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Introduction to Osteoporosis | MAI Publications | Mission Arthritis India
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Introduction to Osteoporosis

Dr.Rahul Patil.

Biology of bone:

We are born with 300 soft bones. During childhood & adolescence, the cartilage grows & is slowly replaced by hard bone. Some of these bones later fuse together, so that the adult skeleton has 206 bones.

Bones in our body are living tissues. They have their own blood vessels and are made of living cells, which help them grow & to repair themselves. As well, proteins, minerals & vitamins make up the bone.

The major functions of bones are to:

  • Provide structural support for the body
  • Provide protection to vital organs
  • Provide an environment for marrow (where blood cells are produced)
  • Act as a storage area for minerals (such as calcium)

Bones are composed of two types of tissue:

  • A hard outer layer called cortical (compact) bone, which is strong, dense & tough.
  • A spongy inner layer called trabecular (cancellous) bone. This network of trabeculae is lighter & less dense than a compact bone.

Bone is also composed of:

  • Bone forming cells (osteoblasts & osteocytes)
  • Bone resorbing cells (osteoclasts)
  • Nonmineral matrix of collagen & noncollagenous proteins (osteoid)
  • Inorganic material salts deposited within the matrix

   Fig.1 Biology of bone        

Bone cells: Cells in our bones are responsible for bone production, maintenance & modeling.

  • Osteoblasts
  • Osteocytes
  • Osteoclasts

Bone matrix: Osteoid is comprised of type I collagen &noncollagenous proteins.


Osteoporosis, which literally means porous bone, is a disease in which the density & quality of bones are reduced. As bones become more porous & fragile, the risk is greatly increased.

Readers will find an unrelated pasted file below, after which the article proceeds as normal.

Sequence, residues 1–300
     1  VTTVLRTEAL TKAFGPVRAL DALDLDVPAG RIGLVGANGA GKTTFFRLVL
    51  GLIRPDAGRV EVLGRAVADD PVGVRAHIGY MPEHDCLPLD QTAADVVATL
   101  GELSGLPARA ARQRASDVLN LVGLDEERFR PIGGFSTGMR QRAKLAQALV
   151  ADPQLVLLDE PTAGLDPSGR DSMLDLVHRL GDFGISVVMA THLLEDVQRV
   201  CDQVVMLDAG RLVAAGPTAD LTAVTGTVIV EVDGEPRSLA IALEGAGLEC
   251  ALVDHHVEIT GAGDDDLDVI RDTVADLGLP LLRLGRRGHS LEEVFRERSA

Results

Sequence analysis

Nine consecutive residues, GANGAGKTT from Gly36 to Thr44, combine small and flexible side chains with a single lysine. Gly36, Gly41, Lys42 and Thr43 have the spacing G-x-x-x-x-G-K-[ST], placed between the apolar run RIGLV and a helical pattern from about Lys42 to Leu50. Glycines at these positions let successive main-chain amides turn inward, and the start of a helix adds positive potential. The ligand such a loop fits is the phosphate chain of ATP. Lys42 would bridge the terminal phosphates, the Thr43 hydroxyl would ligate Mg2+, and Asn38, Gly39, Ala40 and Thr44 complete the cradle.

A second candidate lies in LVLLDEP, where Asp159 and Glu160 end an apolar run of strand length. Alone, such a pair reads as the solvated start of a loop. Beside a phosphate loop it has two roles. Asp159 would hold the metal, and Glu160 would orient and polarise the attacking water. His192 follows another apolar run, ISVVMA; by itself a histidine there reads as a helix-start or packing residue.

The loss occurs silently & progressively. Often there are no symptoms until the first fracture occurs.

It is the most common reason for broken bone among the elderly, commonly referred to as fragility fractures. Bones that commonly break include the vertebrae in the spine, the bones of the forearm & the hip. Bones may weaken to such a degree that a break may occur with minor stress or spontaneously.

Compressed bones in the back (spinal fractures) can lead to loss of height and spinal curvature, while a broken hip often results in both loss of independence and confidence.

Having osteoporosis does not automatically mean that your bones will break; it means that you have a ‘greater risk of fracture’. Thin, fragile bones in themselves are not painful but the broken bones that can result may cause pain and lead to other problems. 

However, effective drug treatments, physiotherapy and practical support can reduce the risk of further fractures and speed recovery. 

What is Bone density? 

Bone density values in individuals can be expressed in relation to a reference population in standard deviation (SD); when compared to the young healthy population, this measurement is referred to as the T- score.

Osteoporosis: T-Score 2.5 SD or more below is called osteoporosis. 

Severe osteoporosis: T-Score 2.5 SD or more below in the presence of one or more fragility fractures (T-score d”-2.5 PLUS fracture). 

Osteopenia: T-score less than -1 but above -2.5.

Awareness Remains Key 

An improved diet, a fall-prevention exercise class, dietary supplements such as vitamin D and calcium, and one or a combination of prescription drugs are far less expensive than treating a potentially debilitating or even fatal fracture.